Naar aanleiding van het vijfde internationale symposium over koudwaterkoralen, heeft het wetenschappelijke tijdschrift Deep Sea Research een speciale editie uitgegeven over deze bijzondere diepzee-ecosystemen. De Biogeoloog publiceerde in deze uitgave een artikel over de “Cold-water coral habitats of Rockall and Porcupine Bank, NE Atlantic Ocean: Sedimentary facies and benthic foraminiferal assemblages”.
The extent of the cold-water coral mounds in the modern ocean basins has been recently revealed by new state-of-the-art equipment. However, not much is known about their geological extent or development through time. In the facies model presented here seven different types of seabed substrate are distinguished, which may be used for reconstruction of fossil coral habitats. The studied substrates include: off-mound settings, (foram) sands, hardgrounds, dead coral debris, and substrates characterized by a variable density of living coral framework. Whereas sediment characteristics only provide a basis for distinguishing on- and off-mound habitats and the loci of most prolific coral growth, benthic foraminiferal assemblages are the key to identifying different mound substrates in more detail. Specific foraminiferal assemblages are distinguished that are characteristic of these specific environments. Assemblages from off-mound settings are dominated by (attached) epifaunal species such as Cibicides refulgens and Cibicides variabilis. The attached epibenthic species Discanomalina coronata is also common in off-mound sediments, but it is most abundant where hardgrounds have formed. In contrast, the settings with coral debris or living corals attract shallow infaunal species that are associated with more fine-grained soft sediments. The typical ‘living coral assemblage’ is composed of Cassidulina obtusa, Bulimina marginata, and Cassidulina laevigata. The abundance of these species shows an almost linear increase with the density of the living coral cover. The benthic foraminifera encountered from off-mound to top-mound settings appear to represent a gradient of decreasing current intensity and availability of suspended food particles, and increasing availability of organic matter associated with fine-grained sediment trapped in between coral framework.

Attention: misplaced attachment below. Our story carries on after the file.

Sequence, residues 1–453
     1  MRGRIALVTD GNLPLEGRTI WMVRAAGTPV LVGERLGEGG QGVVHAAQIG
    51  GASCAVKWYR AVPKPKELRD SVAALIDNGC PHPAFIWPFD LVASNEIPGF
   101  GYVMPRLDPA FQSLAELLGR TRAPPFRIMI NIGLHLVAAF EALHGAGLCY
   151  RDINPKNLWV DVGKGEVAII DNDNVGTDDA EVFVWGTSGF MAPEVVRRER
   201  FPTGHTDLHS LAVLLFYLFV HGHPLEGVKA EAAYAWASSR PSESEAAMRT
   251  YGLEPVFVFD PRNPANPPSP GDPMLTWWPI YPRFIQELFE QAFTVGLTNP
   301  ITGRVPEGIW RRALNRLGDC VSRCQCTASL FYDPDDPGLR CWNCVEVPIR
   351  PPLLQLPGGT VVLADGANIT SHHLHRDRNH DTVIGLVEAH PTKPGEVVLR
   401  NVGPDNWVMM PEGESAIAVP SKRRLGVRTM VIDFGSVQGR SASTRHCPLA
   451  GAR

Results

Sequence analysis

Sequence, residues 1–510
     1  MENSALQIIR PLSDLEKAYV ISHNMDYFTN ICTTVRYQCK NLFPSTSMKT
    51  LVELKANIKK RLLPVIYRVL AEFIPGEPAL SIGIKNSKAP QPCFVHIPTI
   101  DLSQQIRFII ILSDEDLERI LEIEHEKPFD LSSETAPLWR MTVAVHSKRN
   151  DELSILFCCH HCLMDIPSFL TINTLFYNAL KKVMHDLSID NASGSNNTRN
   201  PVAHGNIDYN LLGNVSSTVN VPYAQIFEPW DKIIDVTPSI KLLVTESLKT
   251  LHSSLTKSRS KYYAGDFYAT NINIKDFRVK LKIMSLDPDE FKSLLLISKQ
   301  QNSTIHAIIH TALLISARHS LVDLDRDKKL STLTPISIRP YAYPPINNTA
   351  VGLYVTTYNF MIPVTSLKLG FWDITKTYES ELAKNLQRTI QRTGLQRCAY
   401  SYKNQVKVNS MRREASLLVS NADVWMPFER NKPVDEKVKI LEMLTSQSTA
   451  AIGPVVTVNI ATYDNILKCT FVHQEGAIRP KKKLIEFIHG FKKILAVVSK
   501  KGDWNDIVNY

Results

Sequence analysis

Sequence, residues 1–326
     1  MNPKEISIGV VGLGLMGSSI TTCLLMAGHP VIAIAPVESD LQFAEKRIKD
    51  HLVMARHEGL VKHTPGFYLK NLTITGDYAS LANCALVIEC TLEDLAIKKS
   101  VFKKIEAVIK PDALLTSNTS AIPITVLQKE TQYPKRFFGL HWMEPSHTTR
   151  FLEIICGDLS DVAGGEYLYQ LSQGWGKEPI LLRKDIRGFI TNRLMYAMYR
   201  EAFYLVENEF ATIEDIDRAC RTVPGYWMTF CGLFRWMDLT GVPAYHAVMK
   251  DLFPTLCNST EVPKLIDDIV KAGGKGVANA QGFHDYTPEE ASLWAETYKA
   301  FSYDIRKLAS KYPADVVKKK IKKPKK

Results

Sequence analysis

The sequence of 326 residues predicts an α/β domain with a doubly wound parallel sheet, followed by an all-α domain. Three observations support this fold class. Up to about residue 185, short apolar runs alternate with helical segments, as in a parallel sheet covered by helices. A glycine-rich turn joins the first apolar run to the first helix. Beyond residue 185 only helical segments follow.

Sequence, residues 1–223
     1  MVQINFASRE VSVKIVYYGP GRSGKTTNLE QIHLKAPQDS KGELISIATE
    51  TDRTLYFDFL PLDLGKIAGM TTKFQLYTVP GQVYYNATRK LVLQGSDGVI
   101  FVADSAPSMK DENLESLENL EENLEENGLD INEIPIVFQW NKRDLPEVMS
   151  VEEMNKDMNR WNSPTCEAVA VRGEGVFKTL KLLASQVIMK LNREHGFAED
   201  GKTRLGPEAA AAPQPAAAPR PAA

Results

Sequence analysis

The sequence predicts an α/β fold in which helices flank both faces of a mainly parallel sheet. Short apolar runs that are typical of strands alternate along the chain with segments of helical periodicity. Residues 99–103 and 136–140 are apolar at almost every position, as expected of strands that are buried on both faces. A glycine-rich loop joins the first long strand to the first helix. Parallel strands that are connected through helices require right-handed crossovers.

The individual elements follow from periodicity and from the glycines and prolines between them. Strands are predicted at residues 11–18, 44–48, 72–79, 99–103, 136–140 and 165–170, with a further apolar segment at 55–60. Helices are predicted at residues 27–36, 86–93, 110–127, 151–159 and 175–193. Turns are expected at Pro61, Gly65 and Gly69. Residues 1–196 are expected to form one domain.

Het volledige artikel kunt u raadplegen via Elsevier: http://dx.doi.org/10.1016/j.dsr2.2013.10.001